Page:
The lawn mower is the hobby gardener’s favorite tool. Because with it, the beloved lawn can be cut back to the desired length in an effortless and reliable manner. Even if the lawn mower is not completely on strike, changes in operation should be carefully observed. Because even if the lawnmower engine smokes, this can indicate deviations from normal operation, which in extreme cases can lead to real damage to the engine.

Smoke from the lawnmower

When the lawnmower smokes, it doesn’t always mean the worst immediately. However, so that the causes do not grow into a real problem, you should still react quickly and localize and eliminate the cause. Since you don’t know why the engine is smoking at first, a “quickly…” is also inappropriate. If there is actually a serious defect, even mowing the last bit of lawn can be enough to ultimately lead to major damage.

White or blue smoke

If the engine emits blue or white smoke during operation, this is usually a sign that operating materials are evaporating. Depending on whether it is oil or petrol, the causes can be very different:

Note: White or light smoke is an indication of evaporating operating materials. Physically correctly described, it is actually vapor, i.e. liquid particles transported in the air. However, the phenomenon is commonly referred to as smoke or fumes, so we will keep this designation in the following.

Spilled supplies

If petrol or oil spills onto the engine block next to the filler opening when the lawn mower is being refuelled, it will later heat up so much when the engine is running that it will vaporize. The result is white or blue smoke that does not rise from the exhaust but from the engine block in general.

  • Cause: Spilled operating materials
  • Remedy: Switch off the engine and let it cool down, wipe the engine block with a dry cloth

Übervolle Tanks

If petrol or oil tanks are filled too much, certain parts of it can leak out of the tank through the ventilation valves, which are usually located in the cover, and produce smoke on the hot engine block. Here, too, it is not the lawn mower’s exhaust that smokes, but the entire engine block in the area of ​​the tank openings.

  • Cause: Leaking petrol or oil
  • Remedy: Switch off the engine and let it cool down, check the tanks and, if necessary, pour off some of the contents, wipe off any spilled substances with a dry cloth

Improper combustion

It is normal for a combustion engine to smoke a little immediately after starting. Optimum combustion also requires a certain engine temperature, which must first be reached. However, if the engine smokes permanently white or blue, there is more fuel available than it can burn in a controlled manner, so that some of it remains in the exhaust gases as droplets and is expelled.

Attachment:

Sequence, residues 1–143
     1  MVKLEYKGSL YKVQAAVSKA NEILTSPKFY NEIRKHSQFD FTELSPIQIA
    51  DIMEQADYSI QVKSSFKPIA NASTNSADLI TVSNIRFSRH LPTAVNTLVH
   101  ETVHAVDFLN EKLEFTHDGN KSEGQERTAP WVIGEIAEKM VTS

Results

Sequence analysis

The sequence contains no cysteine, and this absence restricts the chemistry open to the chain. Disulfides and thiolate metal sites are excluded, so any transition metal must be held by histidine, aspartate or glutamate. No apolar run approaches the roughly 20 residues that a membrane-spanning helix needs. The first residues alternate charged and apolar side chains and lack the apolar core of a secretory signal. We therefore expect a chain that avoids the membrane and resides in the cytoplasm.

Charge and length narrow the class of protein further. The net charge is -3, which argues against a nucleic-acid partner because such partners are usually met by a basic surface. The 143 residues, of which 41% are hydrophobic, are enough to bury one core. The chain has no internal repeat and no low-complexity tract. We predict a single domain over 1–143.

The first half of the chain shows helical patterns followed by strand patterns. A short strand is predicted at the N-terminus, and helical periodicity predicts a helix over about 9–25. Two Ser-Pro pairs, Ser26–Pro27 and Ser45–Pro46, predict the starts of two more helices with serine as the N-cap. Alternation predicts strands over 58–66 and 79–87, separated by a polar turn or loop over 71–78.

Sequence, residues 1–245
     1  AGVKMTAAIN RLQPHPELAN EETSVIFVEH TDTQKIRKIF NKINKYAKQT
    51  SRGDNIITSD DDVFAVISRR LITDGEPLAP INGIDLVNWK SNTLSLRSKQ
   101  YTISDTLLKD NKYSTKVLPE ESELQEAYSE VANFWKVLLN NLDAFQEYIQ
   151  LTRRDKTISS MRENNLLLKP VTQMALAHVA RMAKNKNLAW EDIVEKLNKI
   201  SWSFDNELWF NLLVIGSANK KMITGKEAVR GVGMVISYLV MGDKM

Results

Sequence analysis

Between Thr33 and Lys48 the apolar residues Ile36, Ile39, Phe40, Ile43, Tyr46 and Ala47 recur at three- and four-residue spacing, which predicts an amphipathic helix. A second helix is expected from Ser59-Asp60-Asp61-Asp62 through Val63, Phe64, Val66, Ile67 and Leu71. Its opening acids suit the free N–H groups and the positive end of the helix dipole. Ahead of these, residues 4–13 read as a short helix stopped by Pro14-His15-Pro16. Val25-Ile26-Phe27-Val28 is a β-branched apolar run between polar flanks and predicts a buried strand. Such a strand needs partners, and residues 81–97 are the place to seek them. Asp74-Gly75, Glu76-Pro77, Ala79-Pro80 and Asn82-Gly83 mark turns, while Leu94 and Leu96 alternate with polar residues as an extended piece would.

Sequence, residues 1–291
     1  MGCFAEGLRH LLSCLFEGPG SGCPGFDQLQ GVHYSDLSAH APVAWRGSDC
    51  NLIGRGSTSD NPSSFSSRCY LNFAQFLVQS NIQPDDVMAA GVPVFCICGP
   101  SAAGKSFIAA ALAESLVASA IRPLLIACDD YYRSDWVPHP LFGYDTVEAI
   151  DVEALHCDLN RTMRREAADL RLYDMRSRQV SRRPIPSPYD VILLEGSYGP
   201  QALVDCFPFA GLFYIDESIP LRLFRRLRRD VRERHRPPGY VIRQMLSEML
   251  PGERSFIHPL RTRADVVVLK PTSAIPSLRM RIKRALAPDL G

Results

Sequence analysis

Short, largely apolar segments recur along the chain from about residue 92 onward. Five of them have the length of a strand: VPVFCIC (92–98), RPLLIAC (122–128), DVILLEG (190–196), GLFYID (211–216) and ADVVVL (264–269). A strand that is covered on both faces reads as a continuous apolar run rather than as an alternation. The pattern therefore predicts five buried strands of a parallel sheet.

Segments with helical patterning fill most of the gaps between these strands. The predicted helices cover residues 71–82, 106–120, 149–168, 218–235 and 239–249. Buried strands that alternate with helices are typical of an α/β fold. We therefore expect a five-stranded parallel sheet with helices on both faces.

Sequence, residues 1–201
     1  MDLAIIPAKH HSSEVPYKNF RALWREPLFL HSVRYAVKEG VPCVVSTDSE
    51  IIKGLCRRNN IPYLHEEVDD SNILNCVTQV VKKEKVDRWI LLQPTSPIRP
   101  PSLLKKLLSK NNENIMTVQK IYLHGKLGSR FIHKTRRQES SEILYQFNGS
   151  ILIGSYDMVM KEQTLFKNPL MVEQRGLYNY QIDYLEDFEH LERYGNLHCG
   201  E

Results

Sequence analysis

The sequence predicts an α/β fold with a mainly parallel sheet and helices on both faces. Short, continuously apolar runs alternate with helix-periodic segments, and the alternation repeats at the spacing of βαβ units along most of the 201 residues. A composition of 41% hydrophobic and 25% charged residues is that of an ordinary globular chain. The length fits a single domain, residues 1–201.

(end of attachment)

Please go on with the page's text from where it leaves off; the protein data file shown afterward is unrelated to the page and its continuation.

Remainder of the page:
• Cause: incorrectly adjusted carburetor
  • Remedy: Adjust the carburetor or have it adjusted

Tilted lawn mower

Tilting the lawn mower to clean the blades can result in oil escaping and smoking on the engine. In addition, if the engine is tilted with the spark plug pointing downwards, gasoline can enter the combustion chamber, which then burns as excess fuel after starting, producing large amounts of smoke.

  • Cause: Leaked operating materials due to the mower tipping over
  • Remedy: if leaking onto the engine block, switch off the engine, let it cool down and remove it. No remedy required if there is petrol in the combustion chamber, as there is no risk of permanent smoke development
Note: Of course you have to tilt a lawn mower to clean the blades. However, the manufacturers often specify a tilting direction so that the undesired leakage of operating materials is prevented.

black smoke

Even for laypeople, black smoke can be clearly distinguished from the causes described with light or bluish smoke formation. This is real smoke, i.e. burned particles, mostly soot, in the exhaust gases.

Clogged air filter

A certain ratio of petrol to air is required for optimum fuel combustion. If the air filter can only provide a limited amount of air, the petrol will still be burned, but only in an unclean manner and with a lot of smoke.

  • Causes: dirty air filter
  • Remedy: Remove filter, knock out paper filter and clean with compressed air, blow out foam filter or clean with water and soap solution and then dry completely, alternatively replace the filter

Dirty carburetor

One of the most common causes of dense, black space is dirt in the carburetor. Supplied with either the fuel or the air, it passes from the carburetor into the combustion chamber. The remains of the burnt dirt particles excreted with the exhaust gases are then visible. In addition, the contamination usually impairs the function of the carburetor, so that the amount of fuel and air is no longer correct and unclean combustion increases.

  • Causes: Impurities in the carburetor, mostly as a result of problems with the air or fuel filter
  • Remedy: Drain off the fuel, open the carburetor and clean it with petrol, carburetor spray or a brush, then close it again and restore the fuel supply

Sooty spark plug

If the spark plug is fouled, these particles are emitted in the exhaust gases and appear as black smoke.

  • Causes: Dirt on the spark plug head caused by impurities in the air or gasoline, improper fuel-air mixture, or spark plug failure
  • Remedy: Let the engine cool down, pull off the connector, unscrew the spark plug with a spark plug wrench and clean it, then reinstall it and attach the connector

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